Posted by Gerardo Uña
In a previous blog article, I spelled out some of the reasons why the performance of FMIS systems in developing countries around the world has been generally disappointing. These reasons include the lack of well-crafted conceptual design, sufficiently strong leadership by the ministry of finance, financial and technical capacities within the government, secure financing, good project management, adequate testing of the systems before they are implemented, and a feasible maintenance strategy. In this second article, I consider the question of whether there is an alternative path for implementing FMIS that would be more cost-effective, and could lead to improved results.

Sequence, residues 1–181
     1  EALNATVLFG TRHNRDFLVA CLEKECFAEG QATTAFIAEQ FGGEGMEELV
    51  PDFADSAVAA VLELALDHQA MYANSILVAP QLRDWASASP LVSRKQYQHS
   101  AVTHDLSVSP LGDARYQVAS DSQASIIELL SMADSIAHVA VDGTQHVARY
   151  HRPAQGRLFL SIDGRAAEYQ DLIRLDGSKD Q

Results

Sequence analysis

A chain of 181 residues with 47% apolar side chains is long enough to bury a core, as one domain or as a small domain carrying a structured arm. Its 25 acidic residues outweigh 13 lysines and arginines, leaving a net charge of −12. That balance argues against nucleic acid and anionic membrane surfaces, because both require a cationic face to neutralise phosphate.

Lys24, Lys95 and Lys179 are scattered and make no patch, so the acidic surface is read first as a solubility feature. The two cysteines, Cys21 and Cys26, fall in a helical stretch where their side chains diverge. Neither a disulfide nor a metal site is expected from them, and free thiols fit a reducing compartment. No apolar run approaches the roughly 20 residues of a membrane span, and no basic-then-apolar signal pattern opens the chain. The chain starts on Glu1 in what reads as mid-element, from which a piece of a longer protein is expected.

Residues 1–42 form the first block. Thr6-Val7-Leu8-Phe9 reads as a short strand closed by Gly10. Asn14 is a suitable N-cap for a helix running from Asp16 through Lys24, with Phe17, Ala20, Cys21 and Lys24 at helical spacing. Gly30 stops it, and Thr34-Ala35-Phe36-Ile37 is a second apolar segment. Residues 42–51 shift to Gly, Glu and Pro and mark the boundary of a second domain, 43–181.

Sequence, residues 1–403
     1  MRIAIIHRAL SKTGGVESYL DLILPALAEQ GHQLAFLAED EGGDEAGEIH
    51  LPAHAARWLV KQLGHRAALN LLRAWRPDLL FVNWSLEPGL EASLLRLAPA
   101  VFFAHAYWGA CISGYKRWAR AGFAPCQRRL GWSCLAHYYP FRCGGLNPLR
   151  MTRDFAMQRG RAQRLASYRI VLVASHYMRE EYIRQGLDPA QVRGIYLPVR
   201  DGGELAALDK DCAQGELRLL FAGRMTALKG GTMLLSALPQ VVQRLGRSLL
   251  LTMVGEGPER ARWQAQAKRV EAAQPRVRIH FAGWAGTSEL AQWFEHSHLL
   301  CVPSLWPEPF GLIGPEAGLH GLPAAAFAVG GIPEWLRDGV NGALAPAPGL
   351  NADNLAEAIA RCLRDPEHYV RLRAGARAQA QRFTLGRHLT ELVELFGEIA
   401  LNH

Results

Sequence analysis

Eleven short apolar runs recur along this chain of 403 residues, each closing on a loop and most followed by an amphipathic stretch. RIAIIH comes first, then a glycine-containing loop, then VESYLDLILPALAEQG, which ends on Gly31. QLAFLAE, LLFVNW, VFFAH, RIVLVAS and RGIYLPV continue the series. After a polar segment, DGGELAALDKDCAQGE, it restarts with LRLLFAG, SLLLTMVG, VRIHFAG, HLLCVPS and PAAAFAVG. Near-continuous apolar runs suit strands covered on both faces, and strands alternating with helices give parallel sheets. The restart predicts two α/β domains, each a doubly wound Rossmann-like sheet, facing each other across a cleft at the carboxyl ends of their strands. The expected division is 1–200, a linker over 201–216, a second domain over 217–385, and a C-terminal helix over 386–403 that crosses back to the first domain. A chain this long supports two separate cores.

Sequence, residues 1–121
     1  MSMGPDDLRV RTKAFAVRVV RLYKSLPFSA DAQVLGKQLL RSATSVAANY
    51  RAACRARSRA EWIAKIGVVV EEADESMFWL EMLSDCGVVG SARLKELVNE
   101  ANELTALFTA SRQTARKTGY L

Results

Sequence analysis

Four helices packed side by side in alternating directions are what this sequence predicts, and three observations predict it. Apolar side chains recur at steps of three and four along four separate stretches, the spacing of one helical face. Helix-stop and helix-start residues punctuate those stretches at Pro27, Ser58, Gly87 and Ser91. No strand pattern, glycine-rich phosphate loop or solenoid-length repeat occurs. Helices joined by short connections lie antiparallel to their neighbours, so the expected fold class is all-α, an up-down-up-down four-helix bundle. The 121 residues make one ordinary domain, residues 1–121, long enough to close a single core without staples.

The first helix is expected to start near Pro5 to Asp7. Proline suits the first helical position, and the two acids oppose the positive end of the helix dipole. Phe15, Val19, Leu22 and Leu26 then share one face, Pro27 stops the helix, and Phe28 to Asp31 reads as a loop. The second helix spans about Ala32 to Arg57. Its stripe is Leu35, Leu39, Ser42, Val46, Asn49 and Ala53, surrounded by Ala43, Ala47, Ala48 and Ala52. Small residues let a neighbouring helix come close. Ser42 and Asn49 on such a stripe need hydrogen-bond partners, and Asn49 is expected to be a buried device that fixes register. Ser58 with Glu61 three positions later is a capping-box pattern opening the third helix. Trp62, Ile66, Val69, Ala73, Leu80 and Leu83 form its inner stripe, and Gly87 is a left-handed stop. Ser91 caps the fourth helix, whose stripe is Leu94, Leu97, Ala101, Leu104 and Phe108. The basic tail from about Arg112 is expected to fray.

Looking back historically, we can see that the implementation of FMIS went through two main phases. In the first phase, from about the early-1980s until the mid-1990s, the dominant approach was to implement a comprehensive IT system that supported core PFM business processes, including budget preparation and execution, cash management, accounting, and debt management. In addition, “peripheral” functions such as public procurement, payroll, and asset management also used the same technological platform. This approach broadly replicated the so-called Enterprise Resource Planning (ERP) systems that were widely used in the private sector to support companies’ resource management business processes.